A Twitter meltdown sheds light on the murky economics of insulin
Last week, the pharmaceutical giant Eli Lilly tweeted out what what would be thrilling news to the many consumers who spend millions each year on a life-saving drug: “We are excited to announce insulin is free now.”
Except the tweet came from an account impersonating Eli Lilly, brandishing a blue verified check mark courtesy of the short-lived Twitter Blue subscription option hastily rolled out by the company’s new CEO, Elon Musk. (For years, Twitter had granted the check mark to public figures — think government officials, celebrities, journalists — as a way to guarantee their authenticity. Free of charge. Twitter Blue, however, allowed people to purchase a blue check mark plan for $7.99 a month, before the program was abruptly suspended last Friday.)
Let’s look at it by the numbers: Musk agreed to acquire Twitter for $44 billion earlier this year at a share price was $54.20 (those last three numbers aren’t a coincidence). He then got cold feet, spending months trying to exit the deal over claims that Twitter did not provide him enough information about spam and fake accounts on the site. Calling it off would have cost him a $1 billion reverse breakup fee.
After the fake Eli Lilly account posted its insulin tweet, the real-life company’s stock price dropped from $368 a share to $346, with its market cap losing an estimated $15 billion, according to Gizmodo. As of Monday evening, the company’s share price had not yet returned to its pre-tweet levels.
“News items —whether it’s released through traditional means or through social media — will indeed have an impact on the trading of that specific stock,” said Jeffrey Roach, chief economist for LPL Financial.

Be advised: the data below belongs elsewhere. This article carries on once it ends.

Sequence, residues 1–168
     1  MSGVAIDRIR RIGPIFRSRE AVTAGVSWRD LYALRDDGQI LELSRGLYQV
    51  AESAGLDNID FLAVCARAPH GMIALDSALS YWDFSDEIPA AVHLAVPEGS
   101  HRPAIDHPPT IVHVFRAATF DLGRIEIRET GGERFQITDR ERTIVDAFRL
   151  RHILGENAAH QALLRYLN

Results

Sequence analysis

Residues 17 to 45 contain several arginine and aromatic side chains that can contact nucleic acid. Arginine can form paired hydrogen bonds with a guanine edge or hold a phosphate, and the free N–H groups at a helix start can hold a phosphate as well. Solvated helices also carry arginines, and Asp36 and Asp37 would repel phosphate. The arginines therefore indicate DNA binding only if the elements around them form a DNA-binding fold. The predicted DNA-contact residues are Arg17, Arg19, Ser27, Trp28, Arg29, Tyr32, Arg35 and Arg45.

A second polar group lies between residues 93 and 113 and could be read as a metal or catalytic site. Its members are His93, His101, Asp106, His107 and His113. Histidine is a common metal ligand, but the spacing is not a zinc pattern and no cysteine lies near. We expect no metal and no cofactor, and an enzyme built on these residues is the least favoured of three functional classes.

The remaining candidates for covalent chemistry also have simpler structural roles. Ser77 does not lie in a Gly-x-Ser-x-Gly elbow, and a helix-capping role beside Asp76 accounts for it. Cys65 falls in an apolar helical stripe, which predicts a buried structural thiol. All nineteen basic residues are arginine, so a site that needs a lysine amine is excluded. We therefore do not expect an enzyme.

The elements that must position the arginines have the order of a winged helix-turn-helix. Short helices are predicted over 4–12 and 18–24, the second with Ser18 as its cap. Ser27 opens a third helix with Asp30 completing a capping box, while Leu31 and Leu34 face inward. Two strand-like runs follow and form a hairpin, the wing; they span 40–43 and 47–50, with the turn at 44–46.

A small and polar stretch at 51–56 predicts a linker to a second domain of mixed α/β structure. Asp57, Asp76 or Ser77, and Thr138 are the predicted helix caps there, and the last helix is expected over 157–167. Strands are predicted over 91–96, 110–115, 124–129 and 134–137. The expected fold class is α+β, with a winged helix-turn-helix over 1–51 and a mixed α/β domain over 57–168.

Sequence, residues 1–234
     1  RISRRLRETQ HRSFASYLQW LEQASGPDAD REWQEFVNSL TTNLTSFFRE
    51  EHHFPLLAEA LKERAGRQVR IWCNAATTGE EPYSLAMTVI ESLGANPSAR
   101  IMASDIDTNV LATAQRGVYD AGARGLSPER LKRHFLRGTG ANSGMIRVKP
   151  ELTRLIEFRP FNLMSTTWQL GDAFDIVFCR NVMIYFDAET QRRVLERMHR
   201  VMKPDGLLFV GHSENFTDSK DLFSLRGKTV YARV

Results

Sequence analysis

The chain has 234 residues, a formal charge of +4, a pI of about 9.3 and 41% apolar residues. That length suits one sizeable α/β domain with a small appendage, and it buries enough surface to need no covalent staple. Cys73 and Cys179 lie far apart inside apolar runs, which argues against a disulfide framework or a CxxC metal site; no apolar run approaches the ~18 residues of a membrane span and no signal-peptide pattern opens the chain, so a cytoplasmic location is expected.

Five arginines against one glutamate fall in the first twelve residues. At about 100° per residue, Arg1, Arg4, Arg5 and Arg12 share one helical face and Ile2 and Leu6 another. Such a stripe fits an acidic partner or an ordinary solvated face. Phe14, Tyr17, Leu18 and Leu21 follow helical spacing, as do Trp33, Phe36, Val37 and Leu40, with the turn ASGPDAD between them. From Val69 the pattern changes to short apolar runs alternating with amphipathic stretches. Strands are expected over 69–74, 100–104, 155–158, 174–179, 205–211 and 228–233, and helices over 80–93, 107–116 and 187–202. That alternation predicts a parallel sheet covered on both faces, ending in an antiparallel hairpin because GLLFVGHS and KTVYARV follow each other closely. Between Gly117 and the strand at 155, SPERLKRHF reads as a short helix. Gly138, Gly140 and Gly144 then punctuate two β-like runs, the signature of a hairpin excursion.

Eli Lilly spends more than $100 million a year on TV and digital ads, according to the data firm Media Radar. After the tweet was sent, company executives put a stop to Twitter ad campaigns, which could end up costing Twitter millions, the Washington Post reported.
The debacle has opened up a broader conversation about the skyrocketing cost of insulin. Following Eli Lilly’s apology for the imposter account’s “misleading message,” Sen. Bernie Sanders of Vermont said that Eli Lilly should instead apologize for dramatically hiking the drug’s price.
To wit: Patients for Affordable Drugs said that the price of the insulin injection Humalog has increased more than 1,200% since 1996, rising from $20 to a whopping $275.
In January, Marketplace’s Dylan Miettinen looked into the history of insulin and why it’s become so expensive, noting that the inventors of insulin themselves had wanted insulin to be accessible; co-creator Frederick Banting felt putting his name on the patent for the drug would violate the Hippocratic oath. Although two stakeholders did patent insulin, they sold it for just $1 back in 1923 with an eye to keeping the life-saving medicine affordable to all who might need it.
Eli Lilly was one of the first pharmaceutical companies to mass produce insulin. Now the company and two others (Novo Nordisk and Sanofi) control nearly 90% of the global insulin market.
The Health Care Cost Institute says people with type 1 diabetes spent almost $6,000 a year on insulin in 2016. Because of the high cost and “inadequate insurance coverage,” more than 1 million Americans rationed insulin in the past year, according to the Annals of Internal Medicine.
It’s particularly expensive in the U.S., where the price is often 5 to 10 times higher than in other developed countries and stands at an average of $98.70, according to the Rand Corporation. In Canada, the average manufacturer charges $12 a unit.
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